Tracy Caldwell Dyson About to Launch
Alumna Readies for Second Trip Into Space and Five Months on Space Station
March 23, 2010
By Russ L. Hudson
On April 2, Tracy Caldwell Dyson (B.S. chemistry ’93) begins a two-day, 240-mile commute to her new workplace: the orbiting International Space Station, where she will spend the next five months as part of a six-person international crew from the United States, Russia and Japan.
Tracy Caldwell Dyson
Caldwell Dyson made her first trip to the space station in 2007 as a mission specialist with the seven-member crew of NASA's space shuttle Endeavour. Her inaugural space flight of 12 days, 18 hours, launched from and returned to the Kennedy Space Center in Florida. On this new trip, she will not return until September and will have experienced upwards of 2,400 sunrises and traveled more than 60 million miles.
This time, she — and two cosmonauts — blasts off from Kazakhstan in a capsule atop a Russian Soyuz rocket to become part of ISS Expedition 23. Because of the international crew, ground control and the crew will speak a mixture of English and Russian during all communications.
During this flight, Caldwell Dyson and her crew members will be living and working on the space station, dependent on the systems built and operated by the 18 participating nations of the ISS Partnership — and each other.
Caldwell Dyson's expertise as a chemist, electrician and mechanic will come in handy during this tour. In the isolation of space, crewmembers must fix anything that goes wrong, and doctor each other when there are mishaps. A vehicle arrives every other week ferrying supplies, replacement crew or more parts for the station. If an automatic docking system fails, ISS crew must instantly override and use a joystick to guide the vehicle into the dock. To maintain their readiness, the crew will conduct frequent drills: a collision with the ISS could mean catastrophe.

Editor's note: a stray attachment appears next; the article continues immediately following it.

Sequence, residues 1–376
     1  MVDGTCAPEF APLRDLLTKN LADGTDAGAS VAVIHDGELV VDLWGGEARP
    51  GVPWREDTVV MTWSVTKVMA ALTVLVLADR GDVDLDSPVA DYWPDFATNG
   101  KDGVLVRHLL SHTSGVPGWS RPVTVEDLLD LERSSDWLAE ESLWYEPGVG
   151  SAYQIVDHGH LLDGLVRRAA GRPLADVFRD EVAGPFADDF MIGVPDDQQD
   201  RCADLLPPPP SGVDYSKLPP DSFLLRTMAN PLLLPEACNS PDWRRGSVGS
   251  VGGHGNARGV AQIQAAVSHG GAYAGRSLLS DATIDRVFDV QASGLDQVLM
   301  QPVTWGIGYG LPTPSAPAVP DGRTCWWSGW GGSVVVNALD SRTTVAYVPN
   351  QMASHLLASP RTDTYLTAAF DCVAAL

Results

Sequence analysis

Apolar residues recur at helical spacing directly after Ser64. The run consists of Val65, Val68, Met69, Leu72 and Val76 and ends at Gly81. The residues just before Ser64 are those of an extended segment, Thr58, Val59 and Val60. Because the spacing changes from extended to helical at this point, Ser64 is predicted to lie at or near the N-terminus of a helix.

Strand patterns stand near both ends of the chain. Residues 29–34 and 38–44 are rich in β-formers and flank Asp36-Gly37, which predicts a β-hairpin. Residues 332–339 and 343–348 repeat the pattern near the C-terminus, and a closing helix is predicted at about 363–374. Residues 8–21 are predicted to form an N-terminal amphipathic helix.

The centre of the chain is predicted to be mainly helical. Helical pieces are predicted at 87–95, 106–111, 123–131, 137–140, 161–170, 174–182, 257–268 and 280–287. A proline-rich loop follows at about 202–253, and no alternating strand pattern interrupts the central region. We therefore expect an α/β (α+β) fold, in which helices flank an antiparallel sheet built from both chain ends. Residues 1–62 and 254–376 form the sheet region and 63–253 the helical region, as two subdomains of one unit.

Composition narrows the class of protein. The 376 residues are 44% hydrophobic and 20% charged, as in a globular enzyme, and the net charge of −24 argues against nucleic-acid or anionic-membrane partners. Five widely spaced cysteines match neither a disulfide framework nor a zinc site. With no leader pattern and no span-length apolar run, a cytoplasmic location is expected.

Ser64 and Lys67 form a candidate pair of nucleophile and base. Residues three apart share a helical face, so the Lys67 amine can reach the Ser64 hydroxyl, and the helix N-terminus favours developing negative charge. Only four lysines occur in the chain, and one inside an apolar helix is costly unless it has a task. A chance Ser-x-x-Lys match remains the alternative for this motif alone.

Drills are a daily necessity for everyone on board — procedures for depressurization, medical emergencies, manual docking of vehicles, fire suppression, equipment use, toxic spills, leaks and emergency evacuation each require a separate set of practiced responses. Crew members must respond reflexively when emergencies arise. So drllls are a daily constant, although each member gets occasional days off, a small amount of free time nearly every day and light duty in the their final two weeks.
During her tour of duty, Caldwell Dyson will assist with the installation of a cargo carrier, a multipurpose experimental support structure and three additional modules, delivered by three shuttle flights crewed by astronauts from America, Russia, Japan, Italy, Canada and England. She will be helping to finish a construction project begun in 1998 — the same year she was accepted as a NASA astronaut candidate.
The International Space Station's transition from the first 20-foot-long Russian-built module to a habitable structure of many connected modules, built by crewmembers from the U.S., Russia, Belgium, Canada, France, Germany, Netherlands and Japan, is nearly complete. It is now longer than a football field, with a habitable area of 12,000 cubic feet divided up in a string of living and working modules with nodes for storage, electrical-routing centers, small labs and vehicle docks. The ISS depends upon eight huge rectangular arrays of solar panels to generate electricity.
The ISS has been inhabited since 2000 — a decade of humans continuously living and working in space. As on previous expeditions, in addition to space walks and their specific responsibilities, Caldwell Dyson and her fellow crew members will be kept busy doing chores. As mundane as it sounds, even on a space station, common areas need to be cleaned, surfaces decontaminated with disinfectant, air ducts vacuumed, filters cleaned, water purity checks conducted, air leaks found, computers rebooted and air circulation fans checked. At home, a forgotten chore is a minor inconvenience. On the space station, it can mean life or death.
In addition to chores, drills or science, Caldwell Dyson and the other crew members must complete two exercise sessions a day — for a total of up to three hours — to keep muscle, bone and circulatory systems from atrophying.
In September, Caldwell Dyson and her fellow cosmonauts will climb back into the capsule on which they arrived, release the restraints that allow springs to push it slowly away from the ISS and toward Earth 240 miles below. A video of a soyuz capsule's return from space is available.
As it approaches the atmosphere, the capsule will initiate a prolonged burn to slow the descent. The capsule separates from the service module, then rotates, turning its blunt, heat-shielded end toward Earth. With its descent slowed, the capsule will deploy parachutes. A meter from the ground, a final rocket blast brings the capsule almost to a halt as it touches down on the grassy Kazakhstan plains, mission accomplished.